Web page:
If you’re traveling Portugal on a budget, the Zero Box Lodge Porto gets excellent reviews.
We recommend spending 3 nights in Porto during your Portugal vacation.
Check rates & book your stay in Porto today!
Day 5: Explore Porto in-depth.
While day 4 of this itinerary involved traveling from Lisbon and day 6 includes a day trip, day 5 is all about diving deep into the city of Porto.
Morning: More of Porto’s Historic Center
After a leisurely brunch (we can heartily recommend Floresta Cafe and Esquires Coffee, both of which we’ve eaten at many times), make your way to Clerigos Tower to enjoy one of the most stunning views of Porto!
From there, check out the Porto Cathedral–while the church is free to enter, it’s well worth forking over a few Euro to explore the cloisters and attached museum, too.
Meander down toward the gorgeous Bolsa Palace (if you want to go inside, you’ll need to book a 30-minute guided tour) and the Church of San Francisco, which is home to a downright stunning interior!
Afternoon/Evening: Ribeira + Vila Nova de Gaia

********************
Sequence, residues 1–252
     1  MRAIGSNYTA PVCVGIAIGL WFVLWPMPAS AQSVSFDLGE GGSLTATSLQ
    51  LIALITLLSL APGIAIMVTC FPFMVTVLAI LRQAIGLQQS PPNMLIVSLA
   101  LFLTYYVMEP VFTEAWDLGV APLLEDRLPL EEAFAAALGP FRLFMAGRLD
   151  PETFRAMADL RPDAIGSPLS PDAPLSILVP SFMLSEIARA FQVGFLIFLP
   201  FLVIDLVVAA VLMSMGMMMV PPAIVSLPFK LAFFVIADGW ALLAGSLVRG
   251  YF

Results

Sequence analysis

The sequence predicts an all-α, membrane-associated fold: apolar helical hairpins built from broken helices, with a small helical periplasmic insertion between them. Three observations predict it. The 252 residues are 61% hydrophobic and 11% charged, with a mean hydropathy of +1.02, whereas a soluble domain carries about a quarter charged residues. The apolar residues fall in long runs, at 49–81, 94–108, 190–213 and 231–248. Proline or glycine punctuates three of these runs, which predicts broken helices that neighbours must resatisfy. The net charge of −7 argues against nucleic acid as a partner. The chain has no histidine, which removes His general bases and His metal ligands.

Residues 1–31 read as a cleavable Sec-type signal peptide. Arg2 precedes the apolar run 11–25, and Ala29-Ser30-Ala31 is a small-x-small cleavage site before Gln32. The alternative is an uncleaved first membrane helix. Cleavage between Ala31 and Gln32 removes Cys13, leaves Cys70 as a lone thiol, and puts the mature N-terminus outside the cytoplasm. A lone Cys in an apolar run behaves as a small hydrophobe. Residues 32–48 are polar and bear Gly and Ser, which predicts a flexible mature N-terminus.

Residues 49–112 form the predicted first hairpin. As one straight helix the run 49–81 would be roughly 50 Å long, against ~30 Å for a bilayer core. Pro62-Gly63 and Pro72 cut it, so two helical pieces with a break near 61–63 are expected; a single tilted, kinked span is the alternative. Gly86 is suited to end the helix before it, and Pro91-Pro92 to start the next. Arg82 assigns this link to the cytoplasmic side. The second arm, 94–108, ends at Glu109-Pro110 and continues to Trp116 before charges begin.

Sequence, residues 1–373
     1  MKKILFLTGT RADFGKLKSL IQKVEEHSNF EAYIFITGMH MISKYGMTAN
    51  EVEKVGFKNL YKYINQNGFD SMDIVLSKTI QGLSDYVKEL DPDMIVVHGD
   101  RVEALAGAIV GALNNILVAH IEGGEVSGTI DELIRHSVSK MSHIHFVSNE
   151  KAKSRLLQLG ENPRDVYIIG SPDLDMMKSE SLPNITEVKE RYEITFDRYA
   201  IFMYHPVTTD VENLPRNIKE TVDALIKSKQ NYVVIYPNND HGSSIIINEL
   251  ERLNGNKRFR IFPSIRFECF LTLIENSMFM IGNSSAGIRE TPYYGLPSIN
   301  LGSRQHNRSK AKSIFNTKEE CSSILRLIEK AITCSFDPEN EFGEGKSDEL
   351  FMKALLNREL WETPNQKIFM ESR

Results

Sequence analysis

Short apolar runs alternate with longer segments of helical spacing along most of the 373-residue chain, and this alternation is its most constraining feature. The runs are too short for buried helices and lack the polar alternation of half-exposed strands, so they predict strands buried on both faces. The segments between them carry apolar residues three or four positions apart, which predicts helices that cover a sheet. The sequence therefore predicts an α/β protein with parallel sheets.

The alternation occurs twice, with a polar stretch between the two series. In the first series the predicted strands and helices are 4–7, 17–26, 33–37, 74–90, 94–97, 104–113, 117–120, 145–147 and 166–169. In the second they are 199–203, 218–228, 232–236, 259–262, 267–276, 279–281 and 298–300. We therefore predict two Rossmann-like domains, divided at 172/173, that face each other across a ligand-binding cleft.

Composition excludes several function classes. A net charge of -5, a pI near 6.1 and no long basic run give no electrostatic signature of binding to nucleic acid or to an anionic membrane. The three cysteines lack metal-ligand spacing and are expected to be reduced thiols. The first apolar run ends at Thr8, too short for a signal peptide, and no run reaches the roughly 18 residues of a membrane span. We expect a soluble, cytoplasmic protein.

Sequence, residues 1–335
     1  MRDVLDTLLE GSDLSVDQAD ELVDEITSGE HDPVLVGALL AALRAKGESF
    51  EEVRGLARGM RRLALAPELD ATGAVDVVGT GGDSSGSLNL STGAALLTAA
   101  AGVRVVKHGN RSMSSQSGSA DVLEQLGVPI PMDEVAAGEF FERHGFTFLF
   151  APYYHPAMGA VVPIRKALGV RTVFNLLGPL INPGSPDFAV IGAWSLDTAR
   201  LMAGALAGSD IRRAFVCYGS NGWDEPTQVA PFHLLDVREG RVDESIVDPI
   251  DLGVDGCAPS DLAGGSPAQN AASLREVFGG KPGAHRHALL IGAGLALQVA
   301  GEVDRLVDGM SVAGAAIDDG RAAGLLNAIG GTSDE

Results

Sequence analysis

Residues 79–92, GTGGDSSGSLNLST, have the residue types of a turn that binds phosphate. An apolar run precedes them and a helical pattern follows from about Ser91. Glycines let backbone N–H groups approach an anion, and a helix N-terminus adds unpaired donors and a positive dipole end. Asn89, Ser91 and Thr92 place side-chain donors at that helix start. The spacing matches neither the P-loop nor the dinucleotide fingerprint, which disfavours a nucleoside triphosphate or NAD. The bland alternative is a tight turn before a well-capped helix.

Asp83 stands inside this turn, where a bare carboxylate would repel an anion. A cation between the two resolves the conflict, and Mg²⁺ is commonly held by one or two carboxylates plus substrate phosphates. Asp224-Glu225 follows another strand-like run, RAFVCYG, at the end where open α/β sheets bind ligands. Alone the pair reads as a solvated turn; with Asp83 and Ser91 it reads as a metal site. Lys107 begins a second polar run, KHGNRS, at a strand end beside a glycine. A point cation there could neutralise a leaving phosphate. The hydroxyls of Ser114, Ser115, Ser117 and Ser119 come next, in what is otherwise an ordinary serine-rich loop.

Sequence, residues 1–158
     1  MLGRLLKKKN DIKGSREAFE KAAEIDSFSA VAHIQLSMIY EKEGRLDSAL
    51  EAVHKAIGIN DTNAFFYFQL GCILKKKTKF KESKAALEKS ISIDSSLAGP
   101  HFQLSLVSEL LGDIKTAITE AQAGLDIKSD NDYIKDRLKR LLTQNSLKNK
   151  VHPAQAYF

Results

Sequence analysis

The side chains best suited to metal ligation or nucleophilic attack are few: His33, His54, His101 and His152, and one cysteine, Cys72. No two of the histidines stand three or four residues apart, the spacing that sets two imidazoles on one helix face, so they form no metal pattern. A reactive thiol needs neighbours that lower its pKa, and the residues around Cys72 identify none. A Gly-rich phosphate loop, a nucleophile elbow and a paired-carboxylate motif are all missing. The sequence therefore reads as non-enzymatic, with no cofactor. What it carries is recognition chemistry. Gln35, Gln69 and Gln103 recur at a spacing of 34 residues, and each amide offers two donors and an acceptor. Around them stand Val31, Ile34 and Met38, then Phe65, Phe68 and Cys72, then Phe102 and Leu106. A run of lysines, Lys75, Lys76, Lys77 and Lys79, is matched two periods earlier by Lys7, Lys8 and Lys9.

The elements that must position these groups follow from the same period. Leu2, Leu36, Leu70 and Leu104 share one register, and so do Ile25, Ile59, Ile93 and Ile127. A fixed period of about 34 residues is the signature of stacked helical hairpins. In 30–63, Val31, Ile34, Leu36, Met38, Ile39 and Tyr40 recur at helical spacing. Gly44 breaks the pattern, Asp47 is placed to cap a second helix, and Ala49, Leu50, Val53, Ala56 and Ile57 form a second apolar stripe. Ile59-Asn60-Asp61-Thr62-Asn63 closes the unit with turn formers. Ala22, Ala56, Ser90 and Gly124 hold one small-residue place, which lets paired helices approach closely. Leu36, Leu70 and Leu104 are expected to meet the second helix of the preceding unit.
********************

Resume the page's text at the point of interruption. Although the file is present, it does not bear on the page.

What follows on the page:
When you wrap up with the Porto attractions above, you’ll be very close to the Ribeira district: Porto’s colorful, vibrant riverside.
Once the haunt of fishermen and sailors, and now the haunt of tourists, the Ribeira district is a beautiful place to relax and enjoy views of Porto.
Like many picturesque neighborhoods around the world, the restaurants here tend toward being expensive and mediocre, but you can find occasional gems (we enjoyed our meal at Grupo Desportivo Infante D. Henrique, which has a great view but is a bit out of the hustle and bustle).
From Ribeira, make your way across the (lower level of the) Dom Luis I Bridge, to Vila Nova de Gaia.